Talking About RAROC: Is “Financial Innovation” Good for Bank Profitability?
By Chris Whalen
Mayer, who we feature in the next issue of The Institutional Risk Analyst, was talking mostly about commercial banking when he made that statement, but the investment banks fit into that shoe as well and seem to be doing an even worse job than commercial banks when it comes to achieving real profitability.
Go back and review the Sell Side research focused on financial names published over the past 18 months. Note the change in the tone of the opinions and, in particular, the volatility of earnings forecasts for the major universal banks, then and now. Almost seems like different industries. The growing visibility of the true risk profile of many financial institutions raises a fundamental question: Do banks and brokers really ever make money, especially in risk-adjusted terms? Or to put another way, is the combination of technology and deregulation — aka “innovation” — in the financial markets creating or destroying value for investors in financial institutions of all descriptions?
Earlier this year, a client asked us to extract the risk-adjusted return on capital or “RAROC” metrics for the top 100 US banks from The IRA Bank Monitor going back some twenty years and compare same with a range of financial statement and market indicators. One of the resulting charts from this effort suggests very strongly that the real, risk-adjusted profitability of the US banking industry has been declining since the mid-1990s, when securitization and other types of “innovation” really kicked into gear.
Notice that even during the period of “supra normal” asset and equity returns reported by US banks during 2004-2007, the average RAROC for the top-100 banks was trending lower. The Q1 2008 results only confirm this trend, especially for some of the largest US banks. The latest RAROCs and other Economic Capital components are available to users of The IRA Bank Monitor and the Compendium of Bank Risk.
Perhaps more puzzling, during this period the standard deviation among the 100 largest, financially sophisticated banks was also falling, suggesting that diversity among the group grew less and thus the risk profiles were likely converging. Notice the huge reduction in the SD for the group over the past decade.
At first we worried that the sharp decline in RAROCs displayed in the early 1990s was due to statistical anomalies, but The IRA asked Joseph Mason, Herman Moyse, Jr./Louisiana Bankers Association Professor of Finance, Louisiana State University, to review the results. His reply was that the falling RAROCs may be attributable to three factors — deregulation, litigation and securitization.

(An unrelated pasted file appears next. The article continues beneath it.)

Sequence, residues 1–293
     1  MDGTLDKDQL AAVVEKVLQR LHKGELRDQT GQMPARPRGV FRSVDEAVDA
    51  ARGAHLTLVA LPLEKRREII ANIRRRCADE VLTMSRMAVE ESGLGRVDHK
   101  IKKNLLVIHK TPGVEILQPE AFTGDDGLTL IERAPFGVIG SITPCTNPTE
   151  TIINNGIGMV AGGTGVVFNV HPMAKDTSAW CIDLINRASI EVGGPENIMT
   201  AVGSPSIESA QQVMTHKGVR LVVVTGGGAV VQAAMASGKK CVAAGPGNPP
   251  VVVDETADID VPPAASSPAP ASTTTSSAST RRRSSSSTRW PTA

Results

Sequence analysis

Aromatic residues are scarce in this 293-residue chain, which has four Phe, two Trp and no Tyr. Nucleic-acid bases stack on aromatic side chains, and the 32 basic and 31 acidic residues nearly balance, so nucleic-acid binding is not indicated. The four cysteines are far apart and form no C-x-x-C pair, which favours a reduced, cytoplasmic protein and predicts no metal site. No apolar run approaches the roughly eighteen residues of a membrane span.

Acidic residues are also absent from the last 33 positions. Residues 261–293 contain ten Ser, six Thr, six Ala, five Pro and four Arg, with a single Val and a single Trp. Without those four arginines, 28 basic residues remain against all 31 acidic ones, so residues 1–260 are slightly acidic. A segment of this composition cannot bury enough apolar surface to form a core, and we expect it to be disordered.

The IRA: Joe, doesn’t the sharp drop in RAROC in the early 1990s look like a data inconsistency? Dennis lined up the FDIC data labels perfectly, but still the change seems drastic. What do you think?
Mason: You are correct to be wary of the early vintage FDIC data, but that period also was one of great change for the banking industry. Your focus on the top 100 banks probably avoids some of the S&L crisis era capital distortions in the FDIC data that might affect RAROC, so on balance I think that the chart does tell that story.
The IRA: Do tell.
Mason: Starting in the early 1990s, you had a series of court decisions, legislative initiatives and an increase in OBS securitization activity, events which all contributed to changes in bank business models and risk profiles. From 1989 to 1994, we saw some baby steps in terms of bank securitization, senior subordinated structures and the like. By 1995 when I joined the OCC, the volumes were rising and we started to be concerned about all of the implicit recourse events. You see RAROCs fall until 1997 with the 120% LTV crisis. Then you get the turning point in 1999 when 120% LTV dies in the marketplace and you set the stage, as the chart suggests, for the run-up to the home equity loan crisis.
The IRA: And just by coincidence HELOCs are in the headlines again today. So you would agree with the chart that the real, risk-adjusted returns for the banking industry have been going down for the institutions most affected by “innovations” like securitization and OTC market structures? Is this a function of the economy or specific market developments like securitization?